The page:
It’s not hiding under your bed or out in the woods, but browser fatigue can be just as scary and frustrating as your worst nightmare. The endless scrolling through thumbnails without ever finding something enticing to watch can make viewers feel like they’re running in place, never getting anywhere, and far from the finish line of an enjoyable experience.
This is what happens when your impressive content library becomes a double-edged sword. The process of sifting through all your titles and analyzing synopses and cover art becomes an exhausting challenge.
OTT distributors must engage viewers with personalized content so they spend as much time on their platform as possible. Always having something to watch gives subscribers the most “bang for their buck.” It also keeps them returning and recommending your service to all their friends.
Sometimes viewers want to be the programmer and take an active part in content discovery and sometimes they just want to lean back and watch whatever’s on. So today, we’ll dive into how to deliver the best of both worlds to your subscribers to reduce churn and crush your competition.
aim for always be watching (abw), or when linear tv meets on-demand ott
Linear TV (i.e., traditional TV viewing) forces viewers to tune into a specific channel at a particular time to watch the content they’re interested in. On-demand entertainment removed this hurdle so viewers could watch whatever they want, whenever they want.
But according to a report from PwC, 50% of steamers would cancel an OTT service that offered an overwhelming amount of content or a challenging content discovery system [*]. So it’s up to OTT brands to lead their subscribers to water, so to speak, and personalize the viewing experience so viewers are always hooked on the next binge-fest.
Research from 2016 revealed the average Netflix subscriber spends 18 minutes browsing content before selecting something to watch, twice as long as traditional cable viewers spend looking for content [*].
To remedy this issue, Netflix tested a random-episode button for select TV shows on its Android app in 2019 and then began testing its “Shuffle Play” feature in July 2020 on connected-TV devices [*]. This automatically plays a random show or movie based on a subscriber’s viewing history, preferred genres, or saved content on their watchlist. Instead of making the content discovery process easier, the streaming giant just completely eliminated the chore.
It’s still unknown whether Netflix will make shuffle a permanent feature. But it does offer OTT brands one way to get their subscribers to make content viewing decisions sooner.
Crackle tried a similar endeavor when it introduced a new linear TV feature called “Always On,” which begins streaming programs as soon as a user opens the app. This was intended to mimic a TV-like viewing experience where a user just needs to turn on the tube and have content playing sans decision-making.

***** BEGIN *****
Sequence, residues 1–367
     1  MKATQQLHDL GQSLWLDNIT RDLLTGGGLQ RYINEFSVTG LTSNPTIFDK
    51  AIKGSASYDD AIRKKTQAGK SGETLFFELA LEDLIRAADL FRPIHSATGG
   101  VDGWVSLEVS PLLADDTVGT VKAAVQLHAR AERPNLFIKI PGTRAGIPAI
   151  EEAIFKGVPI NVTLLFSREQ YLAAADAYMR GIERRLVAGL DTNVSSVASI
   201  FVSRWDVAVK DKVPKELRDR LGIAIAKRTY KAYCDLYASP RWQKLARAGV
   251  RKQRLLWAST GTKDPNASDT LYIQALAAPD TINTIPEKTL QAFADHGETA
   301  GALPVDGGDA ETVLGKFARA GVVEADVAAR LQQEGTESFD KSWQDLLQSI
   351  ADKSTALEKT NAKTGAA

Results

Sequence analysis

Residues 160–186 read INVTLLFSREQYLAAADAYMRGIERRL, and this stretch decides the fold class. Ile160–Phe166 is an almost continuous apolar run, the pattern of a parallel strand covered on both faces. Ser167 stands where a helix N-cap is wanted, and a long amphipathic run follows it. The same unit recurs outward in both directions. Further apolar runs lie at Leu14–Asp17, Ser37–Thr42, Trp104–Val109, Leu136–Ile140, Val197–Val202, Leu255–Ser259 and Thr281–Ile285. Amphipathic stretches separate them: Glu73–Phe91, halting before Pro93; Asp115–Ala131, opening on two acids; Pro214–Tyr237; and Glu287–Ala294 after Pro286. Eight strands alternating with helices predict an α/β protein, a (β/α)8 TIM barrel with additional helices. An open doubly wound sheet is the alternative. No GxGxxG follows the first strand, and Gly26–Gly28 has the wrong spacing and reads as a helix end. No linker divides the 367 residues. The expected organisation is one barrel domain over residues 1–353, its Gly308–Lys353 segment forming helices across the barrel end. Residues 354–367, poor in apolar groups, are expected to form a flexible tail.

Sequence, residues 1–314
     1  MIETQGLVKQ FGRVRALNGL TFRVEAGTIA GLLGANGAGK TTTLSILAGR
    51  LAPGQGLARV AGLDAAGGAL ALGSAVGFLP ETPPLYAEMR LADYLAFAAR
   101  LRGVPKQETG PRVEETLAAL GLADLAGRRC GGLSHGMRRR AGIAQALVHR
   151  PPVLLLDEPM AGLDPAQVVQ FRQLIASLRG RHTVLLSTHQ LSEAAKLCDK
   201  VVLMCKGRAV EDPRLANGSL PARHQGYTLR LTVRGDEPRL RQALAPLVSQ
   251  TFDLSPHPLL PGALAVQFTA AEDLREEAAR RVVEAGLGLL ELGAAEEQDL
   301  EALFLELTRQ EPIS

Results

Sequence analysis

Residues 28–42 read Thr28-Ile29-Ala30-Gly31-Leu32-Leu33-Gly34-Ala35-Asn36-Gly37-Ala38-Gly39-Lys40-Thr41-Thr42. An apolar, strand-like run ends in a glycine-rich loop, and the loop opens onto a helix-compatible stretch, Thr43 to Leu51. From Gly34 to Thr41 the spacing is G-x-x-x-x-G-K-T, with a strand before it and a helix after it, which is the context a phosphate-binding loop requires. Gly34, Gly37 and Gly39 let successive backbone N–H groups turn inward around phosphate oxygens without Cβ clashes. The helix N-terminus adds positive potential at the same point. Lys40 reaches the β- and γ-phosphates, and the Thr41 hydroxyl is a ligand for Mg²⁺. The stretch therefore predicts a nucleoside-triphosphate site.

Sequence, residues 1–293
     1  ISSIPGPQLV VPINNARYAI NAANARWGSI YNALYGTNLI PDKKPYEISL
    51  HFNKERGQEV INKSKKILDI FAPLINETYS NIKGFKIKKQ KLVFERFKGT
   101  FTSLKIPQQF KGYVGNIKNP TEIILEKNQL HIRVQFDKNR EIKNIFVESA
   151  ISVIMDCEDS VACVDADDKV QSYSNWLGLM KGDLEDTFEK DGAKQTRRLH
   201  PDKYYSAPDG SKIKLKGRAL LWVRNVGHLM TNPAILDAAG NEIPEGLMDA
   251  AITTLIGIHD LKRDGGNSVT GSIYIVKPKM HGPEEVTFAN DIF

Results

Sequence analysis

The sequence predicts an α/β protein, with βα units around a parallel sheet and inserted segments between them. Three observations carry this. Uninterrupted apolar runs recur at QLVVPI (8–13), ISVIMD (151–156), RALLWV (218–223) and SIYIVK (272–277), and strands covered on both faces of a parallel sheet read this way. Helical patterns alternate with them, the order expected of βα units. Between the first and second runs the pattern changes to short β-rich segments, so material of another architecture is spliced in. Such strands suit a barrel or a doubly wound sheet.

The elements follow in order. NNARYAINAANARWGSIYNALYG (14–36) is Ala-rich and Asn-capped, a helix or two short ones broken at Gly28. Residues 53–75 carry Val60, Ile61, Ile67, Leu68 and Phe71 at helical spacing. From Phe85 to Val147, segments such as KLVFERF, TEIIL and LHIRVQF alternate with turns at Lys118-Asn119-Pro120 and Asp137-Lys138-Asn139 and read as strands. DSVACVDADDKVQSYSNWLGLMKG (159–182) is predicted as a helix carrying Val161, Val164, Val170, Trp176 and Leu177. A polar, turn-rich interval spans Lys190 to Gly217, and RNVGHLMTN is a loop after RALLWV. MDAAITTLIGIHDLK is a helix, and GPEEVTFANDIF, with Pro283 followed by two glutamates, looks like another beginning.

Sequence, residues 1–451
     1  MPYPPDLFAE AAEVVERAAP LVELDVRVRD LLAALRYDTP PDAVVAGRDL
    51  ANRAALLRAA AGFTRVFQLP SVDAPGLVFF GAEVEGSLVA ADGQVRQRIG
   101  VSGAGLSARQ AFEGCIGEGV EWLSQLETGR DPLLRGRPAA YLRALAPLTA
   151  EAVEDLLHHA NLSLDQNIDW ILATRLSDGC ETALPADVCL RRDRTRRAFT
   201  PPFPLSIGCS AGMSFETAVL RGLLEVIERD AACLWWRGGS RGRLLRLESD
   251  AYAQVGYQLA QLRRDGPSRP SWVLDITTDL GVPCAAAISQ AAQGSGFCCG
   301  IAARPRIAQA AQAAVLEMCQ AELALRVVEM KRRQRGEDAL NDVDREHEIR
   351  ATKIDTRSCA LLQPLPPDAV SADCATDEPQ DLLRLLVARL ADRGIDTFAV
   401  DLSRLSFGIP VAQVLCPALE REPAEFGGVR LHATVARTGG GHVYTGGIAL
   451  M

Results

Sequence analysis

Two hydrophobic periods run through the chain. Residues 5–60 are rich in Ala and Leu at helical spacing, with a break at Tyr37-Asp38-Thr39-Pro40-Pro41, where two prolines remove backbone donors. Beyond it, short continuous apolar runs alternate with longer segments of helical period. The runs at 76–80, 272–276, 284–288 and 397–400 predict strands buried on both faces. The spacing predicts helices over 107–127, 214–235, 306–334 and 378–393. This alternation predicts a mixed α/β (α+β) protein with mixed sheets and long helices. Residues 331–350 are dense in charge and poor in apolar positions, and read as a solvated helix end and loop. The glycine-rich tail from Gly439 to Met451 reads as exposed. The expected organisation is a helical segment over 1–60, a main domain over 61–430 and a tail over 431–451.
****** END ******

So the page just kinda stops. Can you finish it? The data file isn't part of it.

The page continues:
By leveraging Adobe Audience Manager, Crackle builds user-profiles and segments audiences to serve them unique, “Always On” content. So unlike a traditional TV network offering up the same feed no matter the end-user, Crackle’s stream is customized and tailored for each subscriber [*].
These are just two examples of how established brands are attempting an “always be watching” mentality. Let’s highlight a few more.
solving browser fatigue: 7 content discovery options for ott brands to consider
To marry the ease of linear TV with the on-demand world, OTT brands should consider programming their apps with:
1. data-driven recommendations
Service providers must offer a unique viewing experience tailored to each individual’s specific interests and viewing behaviors. This means delivering highly-personalized content recommendations.
Viewers have grown accustomed to YouTube’s “Up Next” videos and the row on Netflix labeled “Because you watched X.” But OTT brands hoping to compete with top players must go beyond the basic: you watched A so we’ll recommend B.
Enter: sophisticated algorithms to calculate collective-behavior.
These recommendations analyze global quantitative and qualitative data on what, where, when, why, and how viewers watch content. These viewing behaviors help identify relationships between content based on cast, location, release date, etc.
With a complete picture of your end-user, OTT providers can feed this data into a content recommendation engine, which predicts what a viewer will want to watch in the future using artificial intelligence. Essentially, it tells your OTT app how to merchandise all your stellar content so it leaps off the screen and commands attention.
So place highly-relevant content directly in front of your audience, and you’ll streamline the content discovery process to create a hassle-free user experience.
2. menu recommendations
While an intuitive search is necessary for viewers who already know what they want to watch, menu recommendations help those who have no idea. In fact, menu recommendations remain one of the top two reasons 38% of OTT subscribers stick with a streaming service [*].
Netflix knows this better than any brand. Since its users are only willing to spend 60-90 seconds browsing for new content, more than 80% of videos watched here actually come from in-app recommendations [*][*].
This type of personalization, thanks to their world-class data mining, goes hand-in-hand with customer satisfaction (i.e., the greatest weapon OTT providers have in the fight against browser fatigue).
Since almost a quarter of viewers canceled a streaming service after watching all the content they initially signed up for, brands must push viewers to watch new titles [*]. So try placing your most binge-worthy shows in the front menu row during the weekends when viewers have more time to pick up something new.
3. video previews